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What is HIPAA-compliant Email Marketing?

Monday, January 13th, 2020

Why does your organization need HIPAA-compliant email marketing? It’s simple. Businesses in the healthcare field (and those that process their data) have many of the same needs as other companies. They need to be able to get their messages out, so that they can help more people and drum up more business.

Whether it’s HIPAA-compliant bulk email or emails that are specific to the individual, the messages need to be sent in a way that abides by the regulations, both to protect the privacy of patients, and to avoid legal penalties.

When Should You Send HIPAA-compliant Email Marketing?

HIPAA-compliant email marketing is critical whenever your organization could potentially be sending electronic protected health information (ePHI). This is information that is both individually identifiable and relates to someone’s healthcare.

Individually identifiable means information that can be connected with the person. This includes identifiers like their name, address, birth date, email address, social security number and much more. Not only does the definition of ePHI cover people’s past, present and future health condition, but it also includes treatment provisions and billing details.

While anonymous health details or individual identifiers sent by themselves are not covered by the law, when the two are brought together you need to be careful and abide by HIPAA regulations. You will need a HIPAA-compliant email marketing service whenever you send ePHI, and it’s best to err on the safe side even if you think an email may not contain ePHI.

A good example of a borderline case would be a newsletter sent around to all of a clinic’s cancer patients. While the email may contain helpful information, it could also end up breaching the patients’ privacy and HIPAA regulations.

This is because the emails are sent to an address, which is a personal identifier. If the message was only sent out to cancer patients rather than to many different people, then the email could be considered ePHI, since being a recipient of the message would effectively declare that the recipient was a cancer patient.

While this may sound like a stretch, it’s also important to consider that normal email isn’t secure. If a politician or a CEO’s email was intercepted and this information released, it could cause damage to their careers and take some agency away from their lives.

This is just one example of why it’s crucial to err on the safe side and use HIPAA-compliant email marketing for any promotional materials whenever there is even the slightest possibility of sending ePHI.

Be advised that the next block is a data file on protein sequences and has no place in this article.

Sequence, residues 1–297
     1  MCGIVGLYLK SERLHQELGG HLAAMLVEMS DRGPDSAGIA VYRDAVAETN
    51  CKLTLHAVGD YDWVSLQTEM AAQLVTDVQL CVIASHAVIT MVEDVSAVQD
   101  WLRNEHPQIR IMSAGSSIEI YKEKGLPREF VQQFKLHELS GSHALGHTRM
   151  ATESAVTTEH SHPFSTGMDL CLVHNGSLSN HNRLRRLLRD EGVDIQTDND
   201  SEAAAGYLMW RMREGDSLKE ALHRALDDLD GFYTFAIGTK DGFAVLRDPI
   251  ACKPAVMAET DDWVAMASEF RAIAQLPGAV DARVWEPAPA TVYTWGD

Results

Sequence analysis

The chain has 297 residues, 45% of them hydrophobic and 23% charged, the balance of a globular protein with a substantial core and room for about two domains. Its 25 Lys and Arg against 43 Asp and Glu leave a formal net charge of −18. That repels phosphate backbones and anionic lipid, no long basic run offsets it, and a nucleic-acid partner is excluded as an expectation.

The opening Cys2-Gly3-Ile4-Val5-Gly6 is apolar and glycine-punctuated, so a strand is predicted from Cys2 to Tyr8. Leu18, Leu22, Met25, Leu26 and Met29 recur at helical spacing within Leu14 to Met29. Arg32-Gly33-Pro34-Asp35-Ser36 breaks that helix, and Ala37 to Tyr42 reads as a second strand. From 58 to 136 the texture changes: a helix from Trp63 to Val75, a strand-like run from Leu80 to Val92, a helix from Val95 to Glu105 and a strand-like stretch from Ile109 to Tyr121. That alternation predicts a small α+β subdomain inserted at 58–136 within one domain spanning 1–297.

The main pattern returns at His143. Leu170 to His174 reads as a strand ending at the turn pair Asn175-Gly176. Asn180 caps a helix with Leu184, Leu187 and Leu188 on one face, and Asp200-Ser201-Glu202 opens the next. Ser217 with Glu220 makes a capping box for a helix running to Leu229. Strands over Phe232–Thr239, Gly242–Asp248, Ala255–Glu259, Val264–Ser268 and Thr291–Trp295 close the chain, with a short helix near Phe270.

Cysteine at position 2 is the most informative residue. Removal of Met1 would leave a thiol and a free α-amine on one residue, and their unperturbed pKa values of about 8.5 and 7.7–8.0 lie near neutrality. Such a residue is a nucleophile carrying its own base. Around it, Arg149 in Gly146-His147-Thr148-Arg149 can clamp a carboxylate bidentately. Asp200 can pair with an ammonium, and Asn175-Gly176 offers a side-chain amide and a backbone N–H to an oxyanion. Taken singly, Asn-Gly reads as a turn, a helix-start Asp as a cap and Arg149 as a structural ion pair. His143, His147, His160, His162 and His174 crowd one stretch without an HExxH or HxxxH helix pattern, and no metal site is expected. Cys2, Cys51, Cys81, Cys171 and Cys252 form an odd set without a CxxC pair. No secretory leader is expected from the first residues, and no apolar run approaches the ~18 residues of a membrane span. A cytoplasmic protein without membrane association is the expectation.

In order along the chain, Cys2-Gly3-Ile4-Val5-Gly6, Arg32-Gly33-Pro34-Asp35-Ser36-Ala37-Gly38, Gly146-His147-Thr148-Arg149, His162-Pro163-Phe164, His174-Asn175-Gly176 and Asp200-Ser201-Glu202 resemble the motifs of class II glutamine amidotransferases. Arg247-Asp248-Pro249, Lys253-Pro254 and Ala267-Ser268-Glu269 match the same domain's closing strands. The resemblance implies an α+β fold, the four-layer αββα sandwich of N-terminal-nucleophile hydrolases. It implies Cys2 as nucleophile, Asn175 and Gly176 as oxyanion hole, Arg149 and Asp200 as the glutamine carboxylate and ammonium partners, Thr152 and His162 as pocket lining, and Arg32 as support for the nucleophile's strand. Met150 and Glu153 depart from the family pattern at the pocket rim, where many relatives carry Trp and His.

On the other hand, if you have a HIPAA-compliant email marketing solution that allows for the sending of ePHI in email messages, then you can leverage ePHI to send much more effective messages.  You have a much larger return on your effort. 

HIPAA-compliant Bulk Email Solution

Finding an appropriate service for HIPAA-compliant bulk email marketing can be challenging. Most of the common vendors aren’t HIPAA compliant at all. Others claim compliance, but still require you to not send anything sensitive via email (because they do not actually secure the email messages).  Finding one that can suit your business needs and can also protect the actual email messages is difficult.

Thankfully, LuxSci’s High Volume Secure Email has been designed to cater to both needs. Security and compliance are considered at every step of the way, while still delivering a top-quality product that fits right into your organization’s workflows.

High Volume Transactional Email: Balancing Utility and Marketing

Friday, May 18th, 2018

Your eCommerce customer, Paul, has ordered a special mattress for his bed. He’s put the item into the cart, and paid for it. Now you send a confirmation of purchase email.  But, instead of just a note stating that “we’ve received your payment, and your item has been posted for shipment…” or whatever boilerplate many companies send, you include that message and add photos of three sheets-and-pillowcases products that fit the mattress you just sold him. Paul has his own sheets, but has been thinking about replacing them – now your confirmation email makes him decide to buy them.

All eCommerce companies have to send transactional email, a type of email sent to facilitate an agreed-upon transaction between the sender and the recipient. Common transactional email use cases include doctor appointment reminders, account creation emails, password resets, purchase receipts, account notifications, medical lab results, and social media updates like friend and follower notifications.